An image of Dylan, Erica, and Ty having lunch at The Warming Shelter snack bar next to the water park at Jay Peak Ski Resort in Vermont
Lunch at The Warming Hut snack bar

After checking out, we moved on to the water park for another session, and as we headed from the car through windy sheet drizzle, it only reinforced the fact that an indoor water park is absolutely the way to go when it comes to Jay Peak.  You get the winter access of course, but at any time of year, you never quite know what the mountain is going to deliver for weather.  There were a few more people at the water park today compared to last night, but the slides were essentially “walk on” again, with occasionally two or three people in front of you at the slide entry.  I didn’t get a chance to try the surfing, but it looks like one of the coupons we received provides a lesson with one of the instructors, so that may be useful.  I’d managed to eat well at brunch (not surprisingly), but E and the boys can’t quite pull that off, so they had some lunch at “The Warming Shelter” snack bar attached to the water park.  By that point, Ty and I were done swimming, so we hung out in there while E and Dylan went back out for several more laps in the Big River.  Ty and I were able to watch them from our seats as they’d float by, and we had a good time chatting and relaxing in the snack bar.  It’s quite a disparity of environments when you are behind the glass there.  Out in the water park it’s warm, humid and loud, but in the snack bar it was the exact opposite.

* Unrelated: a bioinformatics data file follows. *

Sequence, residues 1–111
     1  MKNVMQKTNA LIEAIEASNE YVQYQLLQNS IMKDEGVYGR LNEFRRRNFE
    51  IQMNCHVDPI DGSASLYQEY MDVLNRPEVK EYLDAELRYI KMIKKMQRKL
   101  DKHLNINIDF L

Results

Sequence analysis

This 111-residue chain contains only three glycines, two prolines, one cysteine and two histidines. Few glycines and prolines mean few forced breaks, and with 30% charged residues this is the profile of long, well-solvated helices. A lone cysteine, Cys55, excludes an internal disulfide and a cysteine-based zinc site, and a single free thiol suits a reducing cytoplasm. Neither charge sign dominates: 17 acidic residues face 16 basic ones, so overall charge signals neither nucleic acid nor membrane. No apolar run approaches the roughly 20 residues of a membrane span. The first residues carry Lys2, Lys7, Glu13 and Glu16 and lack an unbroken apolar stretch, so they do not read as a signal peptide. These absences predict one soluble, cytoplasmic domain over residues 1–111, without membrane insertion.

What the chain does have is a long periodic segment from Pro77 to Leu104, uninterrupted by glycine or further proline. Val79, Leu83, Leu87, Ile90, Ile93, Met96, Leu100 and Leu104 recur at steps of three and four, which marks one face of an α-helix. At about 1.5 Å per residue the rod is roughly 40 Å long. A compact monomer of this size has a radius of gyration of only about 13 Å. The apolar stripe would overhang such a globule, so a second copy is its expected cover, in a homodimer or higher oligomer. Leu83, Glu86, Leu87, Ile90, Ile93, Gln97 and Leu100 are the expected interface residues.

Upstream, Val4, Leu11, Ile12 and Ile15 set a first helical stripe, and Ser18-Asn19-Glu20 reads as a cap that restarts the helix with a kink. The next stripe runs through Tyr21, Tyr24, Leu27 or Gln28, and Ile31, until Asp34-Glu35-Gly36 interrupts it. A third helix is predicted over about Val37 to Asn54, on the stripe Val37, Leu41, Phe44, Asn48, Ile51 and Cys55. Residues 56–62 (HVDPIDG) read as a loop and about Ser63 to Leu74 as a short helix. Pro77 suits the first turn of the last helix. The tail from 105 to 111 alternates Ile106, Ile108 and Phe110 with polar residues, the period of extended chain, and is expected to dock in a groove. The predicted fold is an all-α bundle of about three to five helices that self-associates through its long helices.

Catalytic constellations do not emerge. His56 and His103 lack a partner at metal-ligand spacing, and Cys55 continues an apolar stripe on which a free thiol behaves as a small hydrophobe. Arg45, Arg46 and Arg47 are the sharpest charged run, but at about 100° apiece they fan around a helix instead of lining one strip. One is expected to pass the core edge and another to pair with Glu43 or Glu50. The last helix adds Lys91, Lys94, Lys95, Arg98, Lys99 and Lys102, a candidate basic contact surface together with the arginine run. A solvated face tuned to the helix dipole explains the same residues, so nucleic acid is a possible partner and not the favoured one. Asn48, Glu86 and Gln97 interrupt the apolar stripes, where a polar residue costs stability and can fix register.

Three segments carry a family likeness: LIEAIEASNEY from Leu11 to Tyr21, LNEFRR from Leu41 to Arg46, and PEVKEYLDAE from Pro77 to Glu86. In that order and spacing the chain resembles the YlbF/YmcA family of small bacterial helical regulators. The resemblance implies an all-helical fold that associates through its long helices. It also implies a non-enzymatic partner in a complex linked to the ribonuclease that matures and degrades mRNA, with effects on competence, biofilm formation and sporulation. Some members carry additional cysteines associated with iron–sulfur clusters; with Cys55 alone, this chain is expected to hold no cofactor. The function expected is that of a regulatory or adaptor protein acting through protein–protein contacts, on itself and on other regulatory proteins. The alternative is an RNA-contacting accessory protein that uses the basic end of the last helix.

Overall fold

Before leaving, we stopped in at the Elevation 1851’ Family Arcade, used our coupon tokens for some skee ball, and the boys played a round on one of the video games where you ride on motorcycles.  We also checked out the surf shop to see if they carried any Jay Peak surf shirts; a lot of folks (including Ty and Dylan) use those type of shirts at the water park, and they help to keep you a bit warmer if you’re going to be in the water all day.  I’ve got one that I use for kayaking, which also keeps away that board rash from long days of boogie boarding, and E has been wanting one for a while.  The surf shop is fairly big, with lots of Jay Peak merchandise, but we had no luck on Jay Peak-specific surf shirt.  That would be kind of a neat item though, a surf shirt from a ski area.  As we headed home, the sky gradually brightened and eventually gave way to partly cloudy conditions, and a check of the rain gauge  at the house revealed that we hadn’t even received any precipitation while we’d been gone.  In the winter that precipitation pattern probably would have meant some snow for Jay Peak, while even just an hour south at the house we would have totally missed out on  it – just some off season work by the famous Jay cloud.